International edition
September 18, 2021

Spectacle Entertainment is urging its shareholders to comply with state's new integrity rules

Indiana regulator to consider Hard Rock casino license renewal amid investors' lawsuit

Indiana regulator to consider Hard Rock casino license renewal amid investors' lawsuit
Hard Rock Casino in Gary and the soon-to-be-built Terre Haute casino, whose license also is up for renewal next week, are the only two casinos in the state subject to the investor integrity rule because they're not owned by publicly traded firms.
United States | 06/15/2021

Ahead of the June 24 IGC meeting, Spectacle CEO told shareholders those who fail to apply for an IGC Level 1 occupational license by June 21 will have their shares automatically repurchased by the firm. Investors claim it's unnecessary because they have no direct involvement in gaming operations at the Hard Rock, and that the value of their investment has increased substantially since the Gary casino opened on May 14.

T

he Indiana Gaming Commission (IGC) will meet next week to consider renewing the casino license of the company that owns the Hard Rock Casino Northern Indiana, which opened last month in Gary. The operator is working to make sure all its seven shareholders are complying with the state's new investor integrity rules with that aim.

Last Wednesday, Spectacle Entertainment CEO Jahnae Erpenbach sent a letter to investors in the Gary casino asking whether they intend to submit the extensive financial and background information required under the emergency rule adopted by the IGC on March 23, The Times of Northwest Indiana reports. Erpenbach said in the letter any direct or indirect Spectacle investors who fail to apply for an IGC Level 1 occupational license by June 21 will have their shares automatically repurchased by the company, as provided by the rule, at either the current market price or original purchase price, whichever is lower.

The Hard Rock Casino in Gary and the soon-to-be-built Terre Haute casino, whose license also is up for renewal next week, are the only two casinos in the state subject to the investor integrity rule because they're not owned by publicly traded corporations.

One shareholder, Windy City H&C Investors LLC, submitted the letter to a Marion County judge to further its claim that Spectacle and the IGC are attempting to "squeeze minority investors out of Indiana gaming."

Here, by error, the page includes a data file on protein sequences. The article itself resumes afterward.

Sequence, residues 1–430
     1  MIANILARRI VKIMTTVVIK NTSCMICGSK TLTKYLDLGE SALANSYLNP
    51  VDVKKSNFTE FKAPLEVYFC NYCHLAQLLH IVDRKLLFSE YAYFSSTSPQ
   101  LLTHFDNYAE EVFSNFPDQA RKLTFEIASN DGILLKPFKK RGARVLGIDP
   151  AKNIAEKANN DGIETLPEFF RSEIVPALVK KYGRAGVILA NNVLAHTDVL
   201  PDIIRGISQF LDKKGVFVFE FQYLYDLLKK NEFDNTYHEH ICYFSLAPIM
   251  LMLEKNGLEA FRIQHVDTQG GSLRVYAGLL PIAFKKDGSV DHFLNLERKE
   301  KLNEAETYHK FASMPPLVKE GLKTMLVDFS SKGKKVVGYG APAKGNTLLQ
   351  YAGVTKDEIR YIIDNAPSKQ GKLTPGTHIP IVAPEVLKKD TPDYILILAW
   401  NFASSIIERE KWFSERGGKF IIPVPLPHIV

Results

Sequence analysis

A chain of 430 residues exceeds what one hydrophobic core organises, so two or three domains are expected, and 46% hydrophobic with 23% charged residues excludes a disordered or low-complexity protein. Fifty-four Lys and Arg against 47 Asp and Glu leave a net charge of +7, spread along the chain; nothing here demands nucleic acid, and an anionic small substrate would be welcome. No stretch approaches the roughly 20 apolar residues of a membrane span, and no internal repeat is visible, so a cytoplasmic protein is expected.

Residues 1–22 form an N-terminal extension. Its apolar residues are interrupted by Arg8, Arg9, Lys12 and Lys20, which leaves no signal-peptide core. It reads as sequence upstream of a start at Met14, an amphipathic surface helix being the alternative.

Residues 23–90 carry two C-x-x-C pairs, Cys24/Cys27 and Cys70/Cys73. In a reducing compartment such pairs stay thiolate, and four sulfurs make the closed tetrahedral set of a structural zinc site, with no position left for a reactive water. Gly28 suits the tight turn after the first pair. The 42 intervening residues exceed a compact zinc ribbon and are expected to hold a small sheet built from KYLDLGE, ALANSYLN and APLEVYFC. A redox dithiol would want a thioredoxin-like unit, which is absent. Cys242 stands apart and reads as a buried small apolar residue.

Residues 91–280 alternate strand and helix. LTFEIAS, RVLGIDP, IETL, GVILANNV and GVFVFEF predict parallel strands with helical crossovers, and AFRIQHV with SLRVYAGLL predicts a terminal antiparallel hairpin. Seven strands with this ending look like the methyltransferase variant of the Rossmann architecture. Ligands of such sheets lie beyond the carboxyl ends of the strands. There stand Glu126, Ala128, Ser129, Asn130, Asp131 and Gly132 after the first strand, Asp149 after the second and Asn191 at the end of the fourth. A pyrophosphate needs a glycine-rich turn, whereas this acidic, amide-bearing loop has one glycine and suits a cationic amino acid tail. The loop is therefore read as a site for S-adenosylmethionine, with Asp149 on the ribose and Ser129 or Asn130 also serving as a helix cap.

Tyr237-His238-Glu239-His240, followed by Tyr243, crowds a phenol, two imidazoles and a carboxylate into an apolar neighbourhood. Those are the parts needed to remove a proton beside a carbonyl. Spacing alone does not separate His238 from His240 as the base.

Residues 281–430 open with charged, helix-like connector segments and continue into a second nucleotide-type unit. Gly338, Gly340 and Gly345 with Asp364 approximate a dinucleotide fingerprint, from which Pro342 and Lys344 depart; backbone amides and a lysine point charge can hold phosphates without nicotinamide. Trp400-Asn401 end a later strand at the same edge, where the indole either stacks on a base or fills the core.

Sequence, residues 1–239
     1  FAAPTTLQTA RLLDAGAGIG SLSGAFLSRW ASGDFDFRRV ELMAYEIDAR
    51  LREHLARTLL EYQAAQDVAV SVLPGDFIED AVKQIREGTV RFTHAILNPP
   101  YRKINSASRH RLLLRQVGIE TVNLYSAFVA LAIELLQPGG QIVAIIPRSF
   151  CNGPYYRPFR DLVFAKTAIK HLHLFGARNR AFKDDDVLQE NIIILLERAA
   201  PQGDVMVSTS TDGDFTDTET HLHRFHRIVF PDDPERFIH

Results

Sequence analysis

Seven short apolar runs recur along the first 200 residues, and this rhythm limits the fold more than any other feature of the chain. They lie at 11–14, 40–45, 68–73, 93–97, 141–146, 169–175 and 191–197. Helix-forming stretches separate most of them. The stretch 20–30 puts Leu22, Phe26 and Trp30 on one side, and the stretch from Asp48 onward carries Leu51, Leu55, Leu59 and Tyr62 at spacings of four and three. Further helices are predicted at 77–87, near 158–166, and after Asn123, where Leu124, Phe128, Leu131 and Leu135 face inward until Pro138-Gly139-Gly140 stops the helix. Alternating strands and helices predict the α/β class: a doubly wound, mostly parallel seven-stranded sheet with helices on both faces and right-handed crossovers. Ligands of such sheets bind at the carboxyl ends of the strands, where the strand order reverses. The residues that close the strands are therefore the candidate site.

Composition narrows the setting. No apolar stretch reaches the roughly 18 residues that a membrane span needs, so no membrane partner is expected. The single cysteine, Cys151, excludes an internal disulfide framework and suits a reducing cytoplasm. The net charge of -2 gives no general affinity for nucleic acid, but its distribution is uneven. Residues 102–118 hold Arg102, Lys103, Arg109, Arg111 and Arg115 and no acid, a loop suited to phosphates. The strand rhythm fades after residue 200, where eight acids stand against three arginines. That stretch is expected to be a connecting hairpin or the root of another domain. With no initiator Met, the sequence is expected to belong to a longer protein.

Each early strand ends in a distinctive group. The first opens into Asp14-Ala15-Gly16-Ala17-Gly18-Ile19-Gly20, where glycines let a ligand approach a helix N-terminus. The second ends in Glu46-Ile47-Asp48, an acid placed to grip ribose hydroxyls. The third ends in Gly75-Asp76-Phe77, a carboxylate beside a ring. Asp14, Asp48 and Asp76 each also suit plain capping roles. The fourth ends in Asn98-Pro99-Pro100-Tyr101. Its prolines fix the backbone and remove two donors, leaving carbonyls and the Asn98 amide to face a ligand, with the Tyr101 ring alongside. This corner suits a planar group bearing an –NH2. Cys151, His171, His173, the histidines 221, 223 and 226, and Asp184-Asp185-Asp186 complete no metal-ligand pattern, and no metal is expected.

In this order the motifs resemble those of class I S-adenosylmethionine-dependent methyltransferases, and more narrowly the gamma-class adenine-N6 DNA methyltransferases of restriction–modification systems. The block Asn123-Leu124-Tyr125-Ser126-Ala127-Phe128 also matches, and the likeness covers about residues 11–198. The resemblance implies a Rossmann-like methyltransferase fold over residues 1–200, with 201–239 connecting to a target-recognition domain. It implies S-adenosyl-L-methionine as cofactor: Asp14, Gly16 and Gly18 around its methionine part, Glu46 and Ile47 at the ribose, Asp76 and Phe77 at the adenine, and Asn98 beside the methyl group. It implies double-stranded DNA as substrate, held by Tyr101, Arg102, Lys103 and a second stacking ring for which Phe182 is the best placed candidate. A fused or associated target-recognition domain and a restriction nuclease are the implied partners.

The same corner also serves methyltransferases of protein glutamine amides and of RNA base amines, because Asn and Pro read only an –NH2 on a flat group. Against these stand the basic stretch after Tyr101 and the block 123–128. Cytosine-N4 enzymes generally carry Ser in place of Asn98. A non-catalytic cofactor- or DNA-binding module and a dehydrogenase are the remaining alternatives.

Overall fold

According to court records, Windy City is helmed by Dave Shepherd. Records show he spent $2.5 million to purchase approximately 4% of Spectacle in 2018. He objects to submitting his financial and background information to the IGC because he said it will take 80-100 hours to complete the forms and he believes it's unnecessary because he has no direct involvement in gaming operations at the Hard Rock. At the same time, Shepherd said he considers the $6 million offered by Spectacle to buy back his shares to be a "lowball" offer, since he expects the value of his Spectacle investment has increased substantially since the Hard Rock Casino opened for business May 14.

Several other Spectacle investors have made similar claims in the Marion County lawsuit seeking to halt enforcement of the IGC rule, including two entities, Laelaps LLC and MD Twenty-Twenty LLC, that state records show are registered to Dan Dumezich, a retired attorney, former state representative and town court judge for Schererville, and past treasurer of the Indiana Republican Party. Marion Superior Judge John Chavis heard oral arguments in the case May 14 and initially said he planned to rule June 4.

However, Chavis recently agreed to permit additional documents to be filed with the court, likely delaying his ruling until after the June 24 IGC meeting where renewal of the Hard Rock Casino license is expected to be on the agenda.

The IGC has asked Chavis to dismiss the investor lawsuit because it claims the integrity rule imposes obligations solely on Spectacle, the holder of the Gary casino owner's license, not the individual investors in Spectacle. "Plaintiffs lack standing to pursue the claims in this lawsuit because they have no demonstrable injury," the IGC said.

However, absent the rule, IGC claims the public's confidence and trust in the state's gaming industry may suffer significant injury — and already has — due to unsavory individuals investing in privately held casino companies.

"Since early 2020, Indiana's gaming industry has been the subject of widely reported derogatory information concerning entities in which these plaintiffs hold ownership. The information includes the federal indictment of a licensed Indiana casino owner and executive, concerning references to another licensed casino owner and executive in court documents, casino ownership transfers hidden from the commission, and undisclosed ties to lobbyists," the IGC said.

"These events have cast a shadow over the industry and served to undermine its reputation and integrity. Refusal to provide information for licensure creates a blind spot in the commission's ability to ascertain the nature of casino transactions, the associations of casino owners, and the overall suitability to hold ownership interest."

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